Adrenal Fatigue

As a health nut, I am the queen of fast and accurate medical/ health info.  I find myself reading blog posts or social media “science” daily, and  I geek out on supplements and integrative therapies for health prevention or promotion. For a long time I found so much of it interesting and didn’t research further. Over time, I realized so much of the information in the alternative med world is questionable, can be debated or can be just down right inaccurate. Its difficult to know what to believe. Im not a naturopathic doctor, but I do have degrees in health promotion and nursing. I know how to screen and filter research and pull out the pertinent info. And break it down for more simple explanations. I have a strong passion for blending western + eastern medicine, finding the balance between traditional homeopathic remedies, lifestyle habits and newfound research and pharmaceuticals.

So – heres a lil tid bit on adrenal fatigue because as an aspiring integrative and holistic NP, that term gets me so fired up. I hope this provides some insight, and a better understanding of what is going on inside our bodies!

First things first: The Endocrine System. This is a fancy name for hormones. Hormones are not just estrogen and testosterone as often assumed , but there are over 50 hormones in our bodies, produced from 3 places that influence one another . Our hypothalamus, our pituitary, and our adrenals. These three work in synchrony to maintain an equilibrium and biofeedback system of hormonal balance for our bodies. All are critical, but I am going to focus on the adrenals specifically adrenal fatigue, as they are most commonly discussed, misunderstood and cortisol is everyone’s fave!

What are adrenals: your adrenal glands are hormone producing glands that sit on top of your kidneys. They work in conjunction with your hypothalamus and pituitary glands in the brain to secrete and produce hormones to our bloodstream.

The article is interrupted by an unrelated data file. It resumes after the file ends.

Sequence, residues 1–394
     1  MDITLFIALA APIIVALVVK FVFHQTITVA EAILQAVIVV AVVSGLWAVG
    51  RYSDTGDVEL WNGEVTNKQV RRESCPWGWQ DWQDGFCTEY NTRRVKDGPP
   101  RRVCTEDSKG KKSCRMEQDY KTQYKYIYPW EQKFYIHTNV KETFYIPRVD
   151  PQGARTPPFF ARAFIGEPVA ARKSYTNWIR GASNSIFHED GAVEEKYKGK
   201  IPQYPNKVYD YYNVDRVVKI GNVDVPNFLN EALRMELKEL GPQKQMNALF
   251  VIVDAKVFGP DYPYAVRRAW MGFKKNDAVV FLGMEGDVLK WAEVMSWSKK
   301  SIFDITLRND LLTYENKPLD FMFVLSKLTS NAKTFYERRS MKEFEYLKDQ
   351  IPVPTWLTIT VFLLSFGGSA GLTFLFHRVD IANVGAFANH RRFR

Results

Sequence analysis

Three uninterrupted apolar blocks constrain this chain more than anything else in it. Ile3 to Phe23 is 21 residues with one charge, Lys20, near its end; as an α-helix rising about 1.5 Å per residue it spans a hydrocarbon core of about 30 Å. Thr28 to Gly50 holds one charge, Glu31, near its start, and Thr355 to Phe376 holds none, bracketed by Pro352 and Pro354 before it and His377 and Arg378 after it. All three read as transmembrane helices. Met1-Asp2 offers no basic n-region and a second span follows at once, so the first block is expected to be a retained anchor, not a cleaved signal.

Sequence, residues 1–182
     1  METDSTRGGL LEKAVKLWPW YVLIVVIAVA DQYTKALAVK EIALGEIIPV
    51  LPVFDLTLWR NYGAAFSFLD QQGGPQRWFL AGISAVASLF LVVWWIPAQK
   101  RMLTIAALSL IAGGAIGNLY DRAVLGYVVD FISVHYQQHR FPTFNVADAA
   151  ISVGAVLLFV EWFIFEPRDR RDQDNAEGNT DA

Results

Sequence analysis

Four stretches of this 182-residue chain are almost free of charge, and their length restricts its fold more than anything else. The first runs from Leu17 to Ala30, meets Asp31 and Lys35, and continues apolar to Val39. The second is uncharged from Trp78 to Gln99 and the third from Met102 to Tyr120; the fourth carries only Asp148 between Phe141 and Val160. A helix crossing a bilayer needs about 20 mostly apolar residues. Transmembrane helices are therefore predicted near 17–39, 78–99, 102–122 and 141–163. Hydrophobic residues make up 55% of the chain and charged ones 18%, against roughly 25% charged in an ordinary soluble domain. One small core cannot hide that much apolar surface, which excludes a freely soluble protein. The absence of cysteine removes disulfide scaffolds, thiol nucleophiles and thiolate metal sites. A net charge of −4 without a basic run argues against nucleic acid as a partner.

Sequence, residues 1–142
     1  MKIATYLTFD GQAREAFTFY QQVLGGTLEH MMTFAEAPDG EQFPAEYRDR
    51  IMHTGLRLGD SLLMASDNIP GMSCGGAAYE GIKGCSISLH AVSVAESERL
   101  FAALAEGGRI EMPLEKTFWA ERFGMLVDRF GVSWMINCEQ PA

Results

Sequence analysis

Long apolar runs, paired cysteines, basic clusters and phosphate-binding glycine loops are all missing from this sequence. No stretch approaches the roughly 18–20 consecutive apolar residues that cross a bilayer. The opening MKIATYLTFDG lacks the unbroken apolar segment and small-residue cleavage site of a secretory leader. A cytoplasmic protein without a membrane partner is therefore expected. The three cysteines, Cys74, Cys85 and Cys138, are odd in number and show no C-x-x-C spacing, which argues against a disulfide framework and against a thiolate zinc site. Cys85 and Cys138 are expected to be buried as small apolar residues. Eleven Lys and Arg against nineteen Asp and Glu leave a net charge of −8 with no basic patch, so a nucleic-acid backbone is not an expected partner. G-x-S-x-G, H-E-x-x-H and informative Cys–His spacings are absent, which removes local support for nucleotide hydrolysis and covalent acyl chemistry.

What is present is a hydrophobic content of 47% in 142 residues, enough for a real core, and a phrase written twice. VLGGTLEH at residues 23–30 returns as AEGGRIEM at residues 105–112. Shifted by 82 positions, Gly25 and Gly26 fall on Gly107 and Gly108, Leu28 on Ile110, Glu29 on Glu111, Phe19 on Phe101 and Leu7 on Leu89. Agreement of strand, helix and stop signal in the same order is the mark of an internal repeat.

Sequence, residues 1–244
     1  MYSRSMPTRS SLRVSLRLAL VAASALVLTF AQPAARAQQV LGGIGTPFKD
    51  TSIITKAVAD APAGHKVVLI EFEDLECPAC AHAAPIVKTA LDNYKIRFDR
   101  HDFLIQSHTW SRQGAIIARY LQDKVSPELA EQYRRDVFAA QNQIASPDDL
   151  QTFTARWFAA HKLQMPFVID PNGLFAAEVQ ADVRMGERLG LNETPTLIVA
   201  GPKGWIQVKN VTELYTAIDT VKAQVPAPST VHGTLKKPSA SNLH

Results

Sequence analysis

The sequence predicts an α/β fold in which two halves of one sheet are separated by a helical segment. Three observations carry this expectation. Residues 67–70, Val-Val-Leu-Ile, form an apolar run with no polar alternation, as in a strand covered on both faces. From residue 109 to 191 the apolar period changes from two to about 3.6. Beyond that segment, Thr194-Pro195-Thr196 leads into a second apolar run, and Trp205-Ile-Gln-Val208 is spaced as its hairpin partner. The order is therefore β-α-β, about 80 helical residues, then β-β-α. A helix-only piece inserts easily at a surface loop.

Made up of : adrenal cortex and medulla


Cortex– outer region with 3 zones (zona glomerulosa, zona fasciculata and zona reticularis) that produce specific hormones.

a. Zona glomerulosa– mineralocorticoids ( such as aldosterone) – help regulate blood pressure, sodium and potassium (electrolyte balance)

b. Zona Fasciculata– Glucocorticoids or cortisol! Everyones favorite to talk about – responsible for how body metabolizes fat protein and carbs into energy. Cortisol also plays a role in blood pressure regulation, sleep wake cycles and immunity.

c. Zona Reticularis– Sex hormones- DHEA- which are precursor hormones later converted into estrogen, and testosterone

Medulla– in the cortex, secretes adrenaline (epinephrine) and noradrenaline (norepinephrine) involved with fight or flight, anxiety, excitement, etc which regulate blood flow, sugar, and blood pressure responses to stress.

So what is adrenal fatigue, and why is this important?

Adrenal fatigue: a phrase often used by alternative or integrative medicine providers to explain a myriad of symptoms. Common diagnosis linked to adrenal fatigue

  • Body aches
  • Extreme fatigue regardless of hours of sleep
  • Increased cravings for stimulants or caffeine
  • Hair loss
  • retention and memory difficulty
  • Orthostatic hypotension
  • difficulty fighting off infections and increase number of cough/cold./flu
  • Pain in back or neck
  • heart Palpitations
  • Reduced tolerance for stress or easily overwhelmed
  • Depression/anxiety